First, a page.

There’s a major international airport in Venezuela that is said to be prepping up to start accepting bitcoin (BTC) and similar cryptocurrencies as payment for ticket fares and other services.
Maiquetía airport to accept bitcoin, other cryptos
Considered the biggest international airport in Venezuela, Simón Bolívar International Airport (a.k.a. Maiquetía airport) has disclosed its intentions to accept digital currencies as payment. Maiquetia Airport Director Freddy Borges the airport is planning to accept cryptos like Dash (DASH), bitcoin, and Venezuela’s oil-pegged digital currency – the Petro (PTR). Borges also revealed that the airport’s administration is set to introduce new payment options in coordination with the country’s National Superintendence of Crypto Assets and Related Activities.
The airport director said that they must take the necessary steps for them to advance in these new economic and technological systems for them to be even more accessible.
Further, Borges also stated that the introduction of cryptocurrency payments at the said airport is a sign of their commitment to take a step further in achieving international standards and drive the adoption of digital currency. He went on to say that such a move would benefit tourists especially those hailing from Russia.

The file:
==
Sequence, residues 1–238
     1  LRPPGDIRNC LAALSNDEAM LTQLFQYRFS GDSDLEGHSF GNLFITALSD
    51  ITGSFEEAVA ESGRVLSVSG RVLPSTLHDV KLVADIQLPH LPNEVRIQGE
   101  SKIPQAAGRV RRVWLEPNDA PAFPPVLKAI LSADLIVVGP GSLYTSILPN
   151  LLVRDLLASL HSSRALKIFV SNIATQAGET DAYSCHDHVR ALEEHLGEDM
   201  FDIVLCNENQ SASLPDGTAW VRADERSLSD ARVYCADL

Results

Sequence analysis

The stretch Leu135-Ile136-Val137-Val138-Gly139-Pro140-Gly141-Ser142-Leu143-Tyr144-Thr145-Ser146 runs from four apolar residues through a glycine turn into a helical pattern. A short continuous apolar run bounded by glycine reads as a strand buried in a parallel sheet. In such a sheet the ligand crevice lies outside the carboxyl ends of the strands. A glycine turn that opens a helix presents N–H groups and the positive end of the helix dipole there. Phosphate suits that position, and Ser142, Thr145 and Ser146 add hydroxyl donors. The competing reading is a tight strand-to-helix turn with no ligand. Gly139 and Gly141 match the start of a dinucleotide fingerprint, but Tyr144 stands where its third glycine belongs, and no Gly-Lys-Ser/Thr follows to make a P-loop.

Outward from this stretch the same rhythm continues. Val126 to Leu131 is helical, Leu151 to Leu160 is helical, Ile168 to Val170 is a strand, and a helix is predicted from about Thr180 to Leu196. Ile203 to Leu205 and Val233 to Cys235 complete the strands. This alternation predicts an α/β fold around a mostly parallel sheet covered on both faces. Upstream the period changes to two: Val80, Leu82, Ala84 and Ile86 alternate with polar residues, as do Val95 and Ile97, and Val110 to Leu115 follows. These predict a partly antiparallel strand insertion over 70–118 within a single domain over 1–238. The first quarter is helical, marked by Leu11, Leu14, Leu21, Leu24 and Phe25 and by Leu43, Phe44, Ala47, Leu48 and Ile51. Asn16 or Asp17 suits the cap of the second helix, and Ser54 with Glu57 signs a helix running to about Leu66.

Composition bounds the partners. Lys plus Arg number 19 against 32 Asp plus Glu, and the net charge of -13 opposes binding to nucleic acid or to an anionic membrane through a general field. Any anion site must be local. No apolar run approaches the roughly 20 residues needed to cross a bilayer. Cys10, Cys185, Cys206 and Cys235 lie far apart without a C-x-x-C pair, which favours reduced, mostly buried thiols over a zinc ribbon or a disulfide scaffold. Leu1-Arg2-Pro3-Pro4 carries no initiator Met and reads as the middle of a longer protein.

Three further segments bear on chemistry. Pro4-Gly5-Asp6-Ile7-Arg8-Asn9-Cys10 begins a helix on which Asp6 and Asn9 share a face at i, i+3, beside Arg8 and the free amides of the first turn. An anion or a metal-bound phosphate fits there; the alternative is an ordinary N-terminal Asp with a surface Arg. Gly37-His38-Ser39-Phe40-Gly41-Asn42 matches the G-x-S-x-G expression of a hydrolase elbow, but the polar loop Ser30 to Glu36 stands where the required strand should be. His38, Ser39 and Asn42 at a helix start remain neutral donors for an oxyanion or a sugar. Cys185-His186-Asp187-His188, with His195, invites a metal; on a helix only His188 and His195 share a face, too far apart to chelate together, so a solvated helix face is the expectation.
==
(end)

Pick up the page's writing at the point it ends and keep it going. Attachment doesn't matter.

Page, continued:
For the uninitiated, Venezuela recently launched their so-called digital Bolivar in their attempt to save a currency that is deemed to be all beaten up by years of hyperinflation as the population has adopted the U.S. dollar instead. This digital bolivar was introduced to the public on Friday, October 1 as it effectively removed six zeroes from its predecessor known as the sovereign bolivar.
Three days after this digital bolivar got released into the wild, these new bills are still a rare sight. Moreover, banks in Venezuela have been supplying lower denominations about a dollar or two, but businesses and even public transport all over the Venezuelan capital of Caracas haven’t seen much of the new bills.
Reports suggest that the U.S. dollar is still the currency of choice by Venezuelans in almost all the cash transactions there, even in the parts of the city where the income is deemed quite low. As for the bolivars, these are generally used to give out change or just for the payment to be completed.
Venezuela has already taken off 14 zeroes from its currency since 2008. Financial pundits believe that if the Venezuelan government doesn’t do anything to ease up the ongoing inflation and currency depreciation, it is probable that the bolivar will have to undergo another round of redenomination in the not-so-distant future.